• Educational resources: You Invest offers a number of helpful articles about investing, strategy and more. It’s possible for you to learn the basics and then apply them to your portfolio.
  • Portfolio Builder: If you have at least $2,500 in your account, you can take advantage of this tool designed to help you choose the right investments for your portfolio. You’ll receive guidance on putting together a portfolio based on your answers to questions designed to gauge your risk tolerance, investment goals and time horizon.
  • Powerful screening tools: You can use these tools to set parameters and then find assets that fit your requirements. A list of options appears, and when you’re looking at Mutual funds , You Invest also includes Morningstar ratings and analysis of where they might fit into your portfolio.

Drawbacks of You Invest

A review of You Invest wouldn’t be complete without a look at some of the downsides. In many ways, You Invest is a typical online brokerage option. Other than some of the educational and portfolio building tools, there’s not a lot to distinguish this from other brokers.

  • No standalone app: Rather than offering a standalone app, you access You Invest through J.P. Morgan Mobile. Until you get used to it, it can be somewhat disconcerting to navigate to your trading app within the regular app.
  • Limited account types: There are only two account options with You Invest: taxable and IRA. You can get a Joint taxable account as well as an individual account, and there is a Roth option with the IRA. However, if you’re hoping for a custodial account or 529, you won’t find it with You Invest.
  • No managed portfolios: Right now, you won’t find managed portfolios, but they are supposed to be coming in 2019. So if you’re more of a hands-off investor, you might want to wait until there are more options available.
Fees
$2.95 per trade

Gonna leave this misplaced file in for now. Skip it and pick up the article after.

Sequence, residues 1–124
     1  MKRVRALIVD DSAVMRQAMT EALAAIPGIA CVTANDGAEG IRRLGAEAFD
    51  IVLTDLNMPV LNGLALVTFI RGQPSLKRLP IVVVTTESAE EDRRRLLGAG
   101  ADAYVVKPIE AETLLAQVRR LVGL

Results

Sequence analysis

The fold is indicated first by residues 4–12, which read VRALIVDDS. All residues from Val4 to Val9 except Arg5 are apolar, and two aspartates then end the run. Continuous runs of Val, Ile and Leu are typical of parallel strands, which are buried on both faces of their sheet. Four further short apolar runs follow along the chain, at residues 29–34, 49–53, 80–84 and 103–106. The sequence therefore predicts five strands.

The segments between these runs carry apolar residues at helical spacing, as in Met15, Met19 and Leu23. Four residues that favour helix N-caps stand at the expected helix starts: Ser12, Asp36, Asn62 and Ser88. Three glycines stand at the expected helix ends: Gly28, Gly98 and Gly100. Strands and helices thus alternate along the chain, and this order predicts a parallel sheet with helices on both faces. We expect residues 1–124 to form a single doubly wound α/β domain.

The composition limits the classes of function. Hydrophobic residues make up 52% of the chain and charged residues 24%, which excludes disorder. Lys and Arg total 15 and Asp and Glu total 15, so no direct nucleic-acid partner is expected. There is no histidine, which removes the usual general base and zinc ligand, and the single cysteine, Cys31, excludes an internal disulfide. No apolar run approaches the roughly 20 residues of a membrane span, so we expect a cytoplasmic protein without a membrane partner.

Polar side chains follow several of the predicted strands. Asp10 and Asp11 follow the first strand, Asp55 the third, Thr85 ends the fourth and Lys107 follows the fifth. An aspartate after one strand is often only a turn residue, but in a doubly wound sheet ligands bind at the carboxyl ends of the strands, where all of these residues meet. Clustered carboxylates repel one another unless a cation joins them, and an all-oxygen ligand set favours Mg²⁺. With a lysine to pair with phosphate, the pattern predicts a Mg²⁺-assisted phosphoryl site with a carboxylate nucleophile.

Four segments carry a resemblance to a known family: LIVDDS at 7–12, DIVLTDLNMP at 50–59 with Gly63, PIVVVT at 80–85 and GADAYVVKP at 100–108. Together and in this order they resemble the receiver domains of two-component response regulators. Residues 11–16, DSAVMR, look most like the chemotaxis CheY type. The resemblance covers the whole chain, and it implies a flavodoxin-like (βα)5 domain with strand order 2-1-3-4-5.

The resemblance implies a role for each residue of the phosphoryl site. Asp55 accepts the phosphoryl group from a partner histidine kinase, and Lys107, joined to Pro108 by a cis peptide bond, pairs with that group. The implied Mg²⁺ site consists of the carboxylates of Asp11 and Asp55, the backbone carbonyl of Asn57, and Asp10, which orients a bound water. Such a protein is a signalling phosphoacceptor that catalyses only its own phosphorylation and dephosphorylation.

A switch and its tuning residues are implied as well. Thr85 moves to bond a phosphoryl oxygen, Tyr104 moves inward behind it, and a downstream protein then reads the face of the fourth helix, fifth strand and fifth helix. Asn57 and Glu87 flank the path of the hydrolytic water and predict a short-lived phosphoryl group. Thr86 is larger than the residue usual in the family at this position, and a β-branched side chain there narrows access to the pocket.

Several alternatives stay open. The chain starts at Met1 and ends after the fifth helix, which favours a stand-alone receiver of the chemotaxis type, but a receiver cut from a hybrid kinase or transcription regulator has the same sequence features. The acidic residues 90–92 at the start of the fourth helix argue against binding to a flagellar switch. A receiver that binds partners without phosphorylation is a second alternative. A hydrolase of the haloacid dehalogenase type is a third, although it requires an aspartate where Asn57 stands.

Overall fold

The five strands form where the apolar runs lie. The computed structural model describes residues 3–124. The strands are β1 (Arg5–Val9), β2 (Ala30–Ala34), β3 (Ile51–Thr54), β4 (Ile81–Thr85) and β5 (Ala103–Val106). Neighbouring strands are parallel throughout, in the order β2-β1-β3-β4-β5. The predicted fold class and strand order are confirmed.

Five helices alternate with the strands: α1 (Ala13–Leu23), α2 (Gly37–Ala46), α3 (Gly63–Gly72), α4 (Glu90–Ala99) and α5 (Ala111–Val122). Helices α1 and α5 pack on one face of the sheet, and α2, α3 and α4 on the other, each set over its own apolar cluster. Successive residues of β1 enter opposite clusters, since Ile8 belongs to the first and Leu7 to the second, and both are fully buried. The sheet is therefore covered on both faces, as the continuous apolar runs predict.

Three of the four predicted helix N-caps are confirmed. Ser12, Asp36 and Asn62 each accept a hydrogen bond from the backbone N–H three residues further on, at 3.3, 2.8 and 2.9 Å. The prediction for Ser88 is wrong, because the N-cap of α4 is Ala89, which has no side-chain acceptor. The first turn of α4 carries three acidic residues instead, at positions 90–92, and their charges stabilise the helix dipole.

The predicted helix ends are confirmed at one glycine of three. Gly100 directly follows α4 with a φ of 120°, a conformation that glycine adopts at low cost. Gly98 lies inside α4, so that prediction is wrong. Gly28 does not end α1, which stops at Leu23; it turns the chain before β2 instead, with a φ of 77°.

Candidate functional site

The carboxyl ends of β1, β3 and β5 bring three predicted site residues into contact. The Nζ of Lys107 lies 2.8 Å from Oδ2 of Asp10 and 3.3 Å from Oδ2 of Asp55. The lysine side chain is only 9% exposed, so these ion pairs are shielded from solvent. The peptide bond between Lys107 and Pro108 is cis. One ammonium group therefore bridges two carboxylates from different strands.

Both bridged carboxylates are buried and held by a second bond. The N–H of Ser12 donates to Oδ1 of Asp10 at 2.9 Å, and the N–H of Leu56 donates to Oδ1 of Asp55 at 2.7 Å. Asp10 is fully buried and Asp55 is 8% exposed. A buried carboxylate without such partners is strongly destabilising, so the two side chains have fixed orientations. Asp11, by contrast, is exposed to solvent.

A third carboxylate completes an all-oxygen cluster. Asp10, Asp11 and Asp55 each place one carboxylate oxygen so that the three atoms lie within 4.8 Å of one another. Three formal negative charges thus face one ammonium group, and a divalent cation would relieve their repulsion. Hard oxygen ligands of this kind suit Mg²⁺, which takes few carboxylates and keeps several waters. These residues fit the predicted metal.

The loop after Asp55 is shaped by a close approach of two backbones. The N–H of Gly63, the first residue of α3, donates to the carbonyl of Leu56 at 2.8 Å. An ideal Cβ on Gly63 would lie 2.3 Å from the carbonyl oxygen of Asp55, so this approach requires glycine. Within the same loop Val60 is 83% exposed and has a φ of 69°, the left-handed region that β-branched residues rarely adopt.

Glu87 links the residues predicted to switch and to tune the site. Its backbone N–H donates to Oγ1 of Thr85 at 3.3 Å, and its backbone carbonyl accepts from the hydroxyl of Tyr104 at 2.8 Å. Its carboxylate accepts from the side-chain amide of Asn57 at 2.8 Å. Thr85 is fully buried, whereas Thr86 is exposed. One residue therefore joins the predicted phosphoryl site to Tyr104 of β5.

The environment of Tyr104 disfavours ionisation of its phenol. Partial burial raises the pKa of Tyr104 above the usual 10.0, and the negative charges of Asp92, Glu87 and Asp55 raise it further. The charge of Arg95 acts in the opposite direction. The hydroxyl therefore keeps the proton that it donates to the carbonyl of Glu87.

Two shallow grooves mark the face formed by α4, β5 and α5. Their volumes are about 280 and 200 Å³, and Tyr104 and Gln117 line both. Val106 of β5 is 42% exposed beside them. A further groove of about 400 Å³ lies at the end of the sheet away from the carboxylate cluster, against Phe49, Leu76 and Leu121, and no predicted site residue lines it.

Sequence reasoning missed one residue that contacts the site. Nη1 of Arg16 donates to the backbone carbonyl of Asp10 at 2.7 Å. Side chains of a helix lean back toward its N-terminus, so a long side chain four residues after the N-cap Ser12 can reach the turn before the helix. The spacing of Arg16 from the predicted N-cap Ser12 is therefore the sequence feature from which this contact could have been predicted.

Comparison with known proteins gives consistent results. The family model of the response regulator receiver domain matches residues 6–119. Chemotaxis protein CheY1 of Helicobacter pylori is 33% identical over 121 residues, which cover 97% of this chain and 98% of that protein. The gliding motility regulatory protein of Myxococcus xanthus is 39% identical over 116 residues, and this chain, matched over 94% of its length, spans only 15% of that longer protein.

Per Trade Stock Trading Fee

Account Minimum
$0
Promotion

Up to 100 free trades

Fees
$0.00 per trade

Per Trade Stock Trading Fee

Account Minimum
$0
Promotion

Get up to $600 when you open and fund an account within 60 calendar days of account opening, depending on deposited amount.

Fees
$0.00 per trade

Per Trade Stock Trading Fee

Account Minimum
$0
Promotion

Cash bonuses are available for new accounts. Bonuses start at $50 if you deposit or transfer $10,000+.

Is You Invest safe?

Any investment comes with the risk of loss. However, You Invest is insured by the SIPC for up to $500,000. Additionally, J.P. Morgan is a member of FINRA. As a result, you’re reasonably protected — especially when you consider that this is a company with more than $1 trillion in assets under management. It’s not likely to fail.

Just make sure you understand your own risk tolerance before you invest. While insurance protects you from failure, you’re not protected from market losses.

Final thoughts

You Invest can be a great option for middle-of-the-road investors who want a little more flexibility in their portfolios but still need some guidance. There are a number of assets to choose from, and the educational tools and resources allow you to build a portfolio based on your long-term goals and expectations.

Depending on your goals, there might be other products that work for you. For those more interested in a hands-off approach, Betterment might be a more suitable choice. You also can make trades for less with a service like Robinhood. However, you might not get the same level of educational tools with Robinhood, and Betterment won’t let you personalize your portfolio to the same degree.

If you want a low-cost, personalized way to invest — learning as you go — and if you’re already a Chase customer, opening a You Invest account might be a good way to move forward.